In order to do mental health wellness and recovery work, it is essential to understand and support the following values and ethics.
Wellness & Recovery?
Wellness & Recovery is about how we as individuals can take action to recover our wellness. It is not about moving away from illness or problems in our lives. It is about moving towards what we want, hope for, and can achieve to live full and meaningful lives.
The Substance Abuse and Mental Health Service Administration of the US Federal Government defines Recovery as "a process of change through which individuals improve their health and wellness, live self-directed lives, and strive to reach their full potential."
The Copeland Center provides training, networking groups, and support designed for communities and individuals to take action and increase wellness in their lives. Taking action to increase wellness and recovery is possible and can take many forms whether it is for mental health challenges, addictions, or any life issue. Ultimately, the person is the one who takes action and develops personalized strategies to get well and stay well, however, the person may choose to have supporters, including healthcare professionals, coaches, and mentors, to help them create their wellness strategies, but the individual remains in control of the process. Individuals have learned to develop a lifestyle of action planning for their wellness through the Copeland Center peer-led and peer-engaged group process for many years. A guiding principle of Copeland Center programs is self-determination and empowerment of the individual. Our tools and processes support people to Take Power Back in their lives and build on their self-agency.
The Copeland Center for Wellness & Recovery has developed and implemented a training and certification program for co-facilitators worldwide to promote fidelity to the evidence-based peer group process focused on individual empowerment. Many of our co-facilitated peer-based groups have demonstrated effectiveness in improving personal well-being through continuous evaluations and research studies with our University partners. The Copeland Center focuses on providing groups with fidelity to values and ethics utilized in Dr. Judith Cook of the University of Illinois in Chicago's evidence-based studies on wellness self-management. We have provided training and certification-building networks of co-facilitators to expand access with fidelity to the practices that work best for people since 2005.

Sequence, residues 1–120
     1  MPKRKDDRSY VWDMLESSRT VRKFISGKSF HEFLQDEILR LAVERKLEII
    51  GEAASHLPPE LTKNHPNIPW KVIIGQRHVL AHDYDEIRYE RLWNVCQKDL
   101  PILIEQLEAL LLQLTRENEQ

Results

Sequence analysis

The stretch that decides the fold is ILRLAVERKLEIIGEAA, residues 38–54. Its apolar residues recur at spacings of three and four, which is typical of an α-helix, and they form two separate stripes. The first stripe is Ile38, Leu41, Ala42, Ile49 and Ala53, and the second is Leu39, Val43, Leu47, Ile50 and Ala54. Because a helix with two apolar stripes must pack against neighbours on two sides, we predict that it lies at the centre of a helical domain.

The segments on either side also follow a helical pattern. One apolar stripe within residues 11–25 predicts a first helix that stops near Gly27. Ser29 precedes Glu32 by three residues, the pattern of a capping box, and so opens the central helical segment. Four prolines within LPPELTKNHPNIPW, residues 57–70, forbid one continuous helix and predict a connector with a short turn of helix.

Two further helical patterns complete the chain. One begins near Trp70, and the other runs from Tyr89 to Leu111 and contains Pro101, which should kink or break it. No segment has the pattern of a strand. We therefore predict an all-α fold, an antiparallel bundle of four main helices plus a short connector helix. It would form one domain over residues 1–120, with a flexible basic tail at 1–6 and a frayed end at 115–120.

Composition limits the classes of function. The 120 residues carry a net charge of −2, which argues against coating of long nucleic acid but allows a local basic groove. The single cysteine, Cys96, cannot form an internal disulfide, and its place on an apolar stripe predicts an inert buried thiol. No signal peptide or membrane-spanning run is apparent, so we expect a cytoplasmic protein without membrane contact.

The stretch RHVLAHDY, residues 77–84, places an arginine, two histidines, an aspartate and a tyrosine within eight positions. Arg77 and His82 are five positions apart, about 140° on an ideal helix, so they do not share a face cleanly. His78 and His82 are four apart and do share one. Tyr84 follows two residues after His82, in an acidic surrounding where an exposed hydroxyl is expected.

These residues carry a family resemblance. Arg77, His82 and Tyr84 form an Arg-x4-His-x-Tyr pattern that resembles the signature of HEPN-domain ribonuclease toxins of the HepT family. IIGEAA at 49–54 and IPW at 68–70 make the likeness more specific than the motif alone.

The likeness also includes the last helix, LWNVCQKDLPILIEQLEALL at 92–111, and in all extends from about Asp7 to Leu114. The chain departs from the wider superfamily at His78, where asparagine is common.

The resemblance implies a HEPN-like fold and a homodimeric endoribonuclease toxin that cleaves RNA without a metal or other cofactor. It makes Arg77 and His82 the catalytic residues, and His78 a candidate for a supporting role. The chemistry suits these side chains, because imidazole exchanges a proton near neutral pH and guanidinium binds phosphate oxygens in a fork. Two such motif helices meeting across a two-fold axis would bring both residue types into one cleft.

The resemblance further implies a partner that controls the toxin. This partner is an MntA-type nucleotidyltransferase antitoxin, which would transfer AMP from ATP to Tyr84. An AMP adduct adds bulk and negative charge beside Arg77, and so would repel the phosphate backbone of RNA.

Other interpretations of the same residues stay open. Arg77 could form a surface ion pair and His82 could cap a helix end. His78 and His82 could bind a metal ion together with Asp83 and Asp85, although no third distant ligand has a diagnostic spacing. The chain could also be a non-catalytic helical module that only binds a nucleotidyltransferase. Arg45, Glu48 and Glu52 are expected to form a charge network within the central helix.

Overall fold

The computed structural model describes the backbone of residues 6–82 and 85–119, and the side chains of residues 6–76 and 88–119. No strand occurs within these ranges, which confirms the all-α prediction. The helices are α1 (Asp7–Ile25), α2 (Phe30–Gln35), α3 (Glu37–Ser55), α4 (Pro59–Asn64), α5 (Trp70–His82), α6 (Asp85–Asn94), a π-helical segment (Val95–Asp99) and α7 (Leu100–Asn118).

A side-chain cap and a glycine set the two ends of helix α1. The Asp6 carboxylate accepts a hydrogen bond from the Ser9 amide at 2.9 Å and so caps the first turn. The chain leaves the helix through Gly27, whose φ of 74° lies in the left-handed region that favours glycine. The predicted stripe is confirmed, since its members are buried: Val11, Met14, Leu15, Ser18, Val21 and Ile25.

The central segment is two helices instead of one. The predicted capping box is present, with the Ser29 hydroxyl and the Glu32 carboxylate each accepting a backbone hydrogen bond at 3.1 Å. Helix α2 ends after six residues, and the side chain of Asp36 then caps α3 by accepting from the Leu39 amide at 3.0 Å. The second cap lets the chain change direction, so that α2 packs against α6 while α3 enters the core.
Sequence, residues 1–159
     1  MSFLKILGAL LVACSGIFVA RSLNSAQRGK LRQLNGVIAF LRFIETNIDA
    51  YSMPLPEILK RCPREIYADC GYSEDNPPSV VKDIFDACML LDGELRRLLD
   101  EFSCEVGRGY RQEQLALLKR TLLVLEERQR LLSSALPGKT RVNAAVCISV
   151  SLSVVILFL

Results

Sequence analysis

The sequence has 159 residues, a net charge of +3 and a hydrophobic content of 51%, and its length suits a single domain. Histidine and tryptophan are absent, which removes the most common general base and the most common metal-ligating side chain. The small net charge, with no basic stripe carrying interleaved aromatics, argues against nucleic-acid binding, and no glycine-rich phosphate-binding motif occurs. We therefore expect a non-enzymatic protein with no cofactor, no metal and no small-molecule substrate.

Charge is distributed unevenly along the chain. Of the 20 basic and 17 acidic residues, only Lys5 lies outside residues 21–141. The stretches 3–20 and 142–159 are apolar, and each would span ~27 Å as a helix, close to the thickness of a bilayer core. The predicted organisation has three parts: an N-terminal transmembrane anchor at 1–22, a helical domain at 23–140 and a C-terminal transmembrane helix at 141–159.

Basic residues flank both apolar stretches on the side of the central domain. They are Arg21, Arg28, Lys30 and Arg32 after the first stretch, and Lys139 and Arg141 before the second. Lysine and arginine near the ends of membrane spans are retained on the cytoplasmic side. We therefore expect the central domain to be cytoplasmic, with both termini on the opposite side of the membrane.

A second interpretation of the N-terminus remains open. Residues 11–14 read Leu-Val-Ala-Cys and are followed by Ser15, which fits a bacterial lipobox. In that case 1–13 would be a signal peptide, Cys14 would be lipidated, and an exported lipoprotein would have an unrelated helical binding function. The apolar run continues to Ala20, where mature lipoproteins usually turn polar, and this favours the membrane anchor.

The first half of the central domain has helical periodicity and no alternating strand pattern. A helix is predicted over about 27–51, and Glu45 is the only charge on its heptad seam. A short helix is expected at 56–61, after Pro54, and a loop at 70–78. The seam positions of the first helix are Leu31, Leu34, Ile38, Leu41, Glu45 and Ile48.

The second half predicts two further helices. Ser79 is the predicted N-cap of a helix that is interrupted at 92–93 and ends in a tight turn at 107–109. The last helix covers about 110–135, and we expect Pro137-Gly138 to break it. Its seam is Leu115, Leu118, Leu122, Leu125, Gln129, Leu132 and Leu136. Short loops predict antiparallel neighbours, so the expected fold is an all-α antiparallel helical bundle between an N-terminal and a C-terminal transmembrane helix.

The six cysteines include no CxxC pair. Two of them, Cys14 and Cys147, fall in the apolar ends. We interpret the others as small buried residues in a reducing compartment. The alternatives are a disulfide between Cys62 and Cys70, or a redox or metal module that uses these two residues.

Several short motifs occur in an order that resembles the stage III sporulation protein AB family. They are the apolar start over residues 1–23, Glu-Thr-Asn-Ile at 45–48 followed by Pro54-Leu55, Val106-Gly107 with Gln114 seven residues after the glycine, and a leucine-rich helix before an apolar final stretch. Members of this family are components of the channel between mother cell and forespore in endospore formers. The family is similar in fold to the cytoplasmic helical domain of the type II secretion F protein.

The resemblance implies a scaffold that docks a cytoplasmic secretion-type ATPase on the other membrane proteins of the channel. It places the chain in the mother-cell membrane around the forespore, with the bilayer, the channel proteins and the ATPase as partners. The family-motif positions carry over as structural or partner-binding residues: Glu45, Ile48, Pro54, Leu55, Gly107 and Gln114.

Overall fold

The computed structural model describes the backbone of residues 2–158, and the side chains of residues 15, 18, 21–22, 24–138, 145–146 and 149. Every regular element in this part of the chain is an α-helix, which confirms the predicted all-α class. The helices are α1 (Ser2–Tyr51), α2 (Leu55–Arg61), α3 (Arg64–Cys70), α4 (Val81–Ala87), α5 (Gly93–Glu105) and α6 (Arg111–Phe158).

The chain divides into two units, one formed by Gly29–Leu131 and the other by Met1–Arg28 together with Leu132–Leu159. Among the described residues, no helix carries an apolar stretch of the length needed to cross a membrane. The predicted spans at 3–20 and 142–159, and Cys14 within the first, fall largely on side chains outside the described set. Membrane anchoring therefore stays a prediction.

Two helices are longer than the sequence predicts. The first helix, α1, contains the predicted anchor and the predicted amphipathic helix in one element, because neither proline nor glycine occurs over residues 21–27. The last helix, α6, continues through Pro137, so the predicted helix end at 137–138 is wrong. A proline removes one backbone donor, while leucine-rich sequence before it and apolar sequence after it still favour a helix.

The Copeland Center offers a variety of wellness & recovery groups. Group participants create a personalized recovery system of wellness tools and action plans to achieve a self-directed wellness vision despite life’s daily challenges. Participants are encouraged, and when possible, assisted to continue meeting after the formal peer-support groups have concluded and to support each other in using and continuously revising their plans. Essentially the goal is to prepare individuals to develop and foster a mindset of empowerment to take action on their own behalf to get well and stay well. A person’s planning process is the personal structure that can be used for a lifetime, and voluntary peer support groups can be a long-term peer support resource for ensuring that this valuable and personalized recovery system remains sharp and useful for building a healthy and successful life in the community. Formal Copeland Center peer support groups typically range in size from 10 to 15 participants and are led by two trained co-facilitators who are peers who use their own recovery plans. Information is delivered and skills are developed through presentations, discussions, and individual and group exercises. Copeland Center certified co-facilitators provide illustrations through their own lived experience of recovery with members of their peer-support groups. The Copeland Center offers Online live peer group sessions based on wellness and recovery intended to serve those individuals who do not have access to in-person groups.